We've started a new session of classes in my cedar-strip canoe building class. I have two new students joining the class this year along with previous students returning to complete boats that are in-progress. One thing I am pleased about is that my two new students are experienced woodworkers. One is a retired contractor and the other still works in the trade running his own business.
These two students are building the Wee Lassie II design to Mac McCarthy's plans. After our successful use of box-beam construction last year for the Prospector Ranger we opted to use this strongback style for the Wee Lassies as well. We've also removed material from the station molds to remove weight there as well.
One thing to remember is that a strongback and station molds need to be robust. Most builders do not move the forms once built so that the shape of the canoe doesn't change as it is being built. For our class, we need to move the boats on a weekly basis so the forms need to be both light and rigid. The box beam does this for us.
The box beam consists of a 1/2" thick plywood deck 1/4" thick Luan ply sides and 2x6" blocking. It is remarkably stiff once assembled and has the advantage of being stable with temperature and moisture changes.
We rip the 1/2" plywood deck to be 7-1/2" wide and the 2x6 blocking to match. Because the ply is only 8' long, we glue and screw the blocks to the underside of the ply with a block beneath the center joint.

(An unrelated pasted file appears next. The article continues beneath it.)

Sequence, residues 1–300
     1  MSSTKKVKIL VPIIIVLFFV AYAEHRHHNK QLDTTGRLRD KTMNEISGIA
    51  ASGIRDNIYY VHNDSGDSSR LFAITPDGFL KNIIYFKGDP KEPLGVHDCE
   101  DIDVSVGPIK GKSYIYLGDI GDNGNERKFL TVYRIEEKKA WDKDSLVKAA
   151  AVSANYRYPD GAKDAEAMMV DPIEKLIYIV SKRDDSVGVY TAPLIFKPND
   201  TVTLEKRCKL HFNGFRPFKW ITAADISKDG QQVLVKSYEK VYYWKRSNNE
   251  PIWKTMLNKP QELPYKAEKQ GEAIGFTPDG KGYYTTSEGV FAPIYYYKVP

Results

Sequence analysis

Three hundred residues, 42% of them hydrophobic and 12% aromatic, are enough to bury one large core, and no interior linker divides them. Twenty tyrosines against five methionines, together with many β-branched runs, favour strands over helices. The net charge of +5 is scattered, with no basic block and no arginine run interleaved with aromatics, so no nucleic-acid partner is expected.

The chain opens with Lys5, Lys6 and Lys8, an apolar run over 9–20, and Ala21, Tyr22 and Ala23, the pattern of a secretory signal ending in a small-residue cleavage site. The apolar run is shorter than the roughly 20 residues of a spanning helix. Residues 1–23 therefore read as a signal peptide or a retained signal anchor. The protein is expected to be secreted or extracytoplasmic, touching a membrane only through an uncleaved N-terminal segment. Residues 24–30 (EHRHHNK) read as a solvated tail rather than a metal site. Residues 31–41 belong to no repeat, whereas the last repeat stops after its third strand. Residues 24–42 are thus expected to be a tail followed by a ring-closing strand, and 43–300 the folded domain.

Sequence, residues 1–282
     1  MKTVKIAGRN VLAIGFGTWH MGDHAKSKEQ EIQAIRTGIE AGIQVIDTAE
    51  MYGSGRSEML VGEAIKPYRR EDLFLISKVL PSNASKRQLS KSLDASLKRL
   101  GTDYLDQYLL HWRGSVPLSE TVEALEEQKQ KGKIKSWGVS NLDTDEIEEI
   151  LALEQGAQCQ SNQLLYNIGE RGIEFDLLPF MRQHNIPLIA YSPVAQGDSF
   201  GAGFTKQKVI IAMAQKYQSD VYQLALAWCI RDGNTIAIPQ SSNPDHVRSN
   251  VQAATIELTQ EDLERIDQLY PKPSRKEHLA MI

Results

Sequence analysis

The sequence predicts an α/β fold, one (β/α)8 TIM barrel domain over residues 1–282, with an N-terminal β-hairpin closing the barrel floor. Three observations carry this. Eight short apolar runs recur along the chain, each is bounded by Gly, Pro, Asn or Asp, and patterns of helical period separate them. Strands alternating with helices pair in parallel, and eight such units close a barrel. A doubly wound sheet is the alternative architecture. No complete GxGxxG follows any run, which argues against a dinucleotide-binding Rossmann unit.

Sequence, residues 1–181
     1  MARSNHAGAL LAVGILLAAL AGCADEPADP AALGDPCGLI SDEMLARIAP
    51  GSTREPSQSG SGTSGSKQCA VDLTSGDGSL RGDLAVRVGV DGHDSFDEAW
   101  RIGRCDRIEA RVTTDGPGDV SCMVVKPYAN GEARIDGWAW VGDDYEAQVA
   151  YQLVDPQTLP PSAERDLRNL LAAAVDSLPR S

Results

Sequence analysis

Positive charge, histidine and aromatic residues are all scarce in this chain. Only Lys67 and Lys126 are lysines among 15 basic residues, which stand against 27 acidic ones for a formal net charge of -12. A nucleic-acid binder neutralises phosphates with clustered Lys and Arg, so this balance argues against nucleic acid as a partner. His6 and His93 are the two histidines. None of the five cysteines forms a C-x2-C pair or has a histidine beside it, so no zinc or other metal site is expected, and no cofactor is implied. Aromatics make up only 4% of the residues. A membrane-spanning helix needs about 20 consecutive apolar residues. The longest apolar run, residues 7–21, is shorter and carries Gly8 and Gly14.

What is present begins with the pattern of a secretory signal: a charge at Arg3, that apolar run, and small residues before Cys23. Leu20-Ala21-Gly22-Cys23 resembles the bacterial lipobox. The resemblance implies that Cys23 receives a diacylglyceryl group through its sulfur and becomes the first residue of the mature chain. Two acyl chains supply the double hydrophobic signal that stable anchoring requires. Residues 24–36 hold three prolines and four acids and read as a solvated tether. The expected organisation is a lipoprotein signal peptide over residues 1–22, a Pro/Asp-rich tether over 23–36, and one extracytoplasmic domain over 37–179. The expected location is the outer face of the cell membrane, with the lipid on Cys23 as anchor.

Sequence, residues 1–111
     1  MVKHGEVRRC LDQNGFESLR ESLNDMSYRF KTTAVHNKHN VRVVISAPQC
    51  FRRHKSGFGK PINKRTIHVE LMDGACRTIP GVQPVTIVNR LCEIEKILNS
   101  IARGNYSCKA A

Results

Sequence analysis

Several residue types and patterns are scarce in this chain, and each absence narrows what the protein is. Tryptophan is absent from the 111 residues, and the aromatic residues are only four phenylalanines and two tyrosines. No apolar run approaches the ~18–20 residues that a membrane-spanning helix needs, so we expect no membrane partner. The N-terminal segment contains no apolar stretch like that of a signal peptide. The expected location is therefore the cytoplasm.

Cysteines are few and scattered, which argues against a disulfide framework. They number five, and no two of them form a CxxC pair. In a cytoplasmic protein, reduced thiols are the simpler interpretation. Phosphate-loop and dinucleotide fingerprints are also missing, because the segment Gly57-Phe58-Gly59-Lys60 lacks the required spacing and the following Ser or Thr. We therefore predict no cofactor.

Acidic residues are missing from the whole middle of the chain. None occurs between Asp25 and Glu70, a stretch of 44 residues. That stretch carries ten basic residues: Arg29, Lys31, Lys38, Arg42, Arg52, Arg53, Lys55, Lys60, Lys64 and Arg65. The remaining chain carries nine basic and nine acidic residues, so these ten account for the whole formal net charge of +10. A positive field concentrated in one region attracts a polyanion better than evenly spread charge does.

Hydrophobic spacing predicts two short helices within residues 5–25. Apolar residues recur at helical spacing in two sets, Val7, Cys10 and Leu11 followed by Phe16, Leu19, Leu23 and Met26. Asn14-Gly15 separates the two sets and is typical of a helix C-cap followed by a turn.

The Luan is ripped to be the width of the 2x6 (actually 5-1/2") and the thickness of the ply (*close* to 1/2", but not exact), so it is nearly 6" wide. Again, because the sheet goods aren't long enough for a continuous piece the sides have a patch that is 5" wide and 2' long that gets glued to the side panels at the joint. We stagger the joints so that they are not in the same place, weakening the structure.
Once the sides have cured, the whole structure is glued and screwed (or in this case stapled - one of the students had a pneumatic stapler which made life very easy) to assemble the beam. When the cut edges are lined up, the structure is straight and flat. The large surface area that is glued up when the sides are assembled makes the structure very rigid.
We then mark the centerline and lay out the location of station molds. The station molds get screwed (but NOT glued) to the 1/2" plywood deck.
You will note the unsupported ends which have a taper cut on them. The taper is to clear the hull that we'll be building on the forms. We're also avoiding fiberglassing the hull to the strongback with this clearance cut. It is likely that we will support this with a small piece of 2x4 screwed into the end blocking and to the deck so it isn't flapping in the breeze. You will also note that the stem molds are not in place yet - we use them as forms to laminate the stems before they are installed on the strongback.
We have decided that there are a few flaws here, however. The old method, which used dimensional lumber, gave us a "ledge" which we could clamp to when screwing down the station molds. I'm concerned that we could crush the 1/4" sides if we clamped to them, so I need to either design in a ledge, or have a removable block to fit under the deck to clamp to when screwing down the molds. The other concern is how to support this at a reasonable work height. Small sawhorses seem to be the best solution for this at the moment. The Luan is also a bit splintery, but not bad - a little sanding at the top edge seems to solve that problem.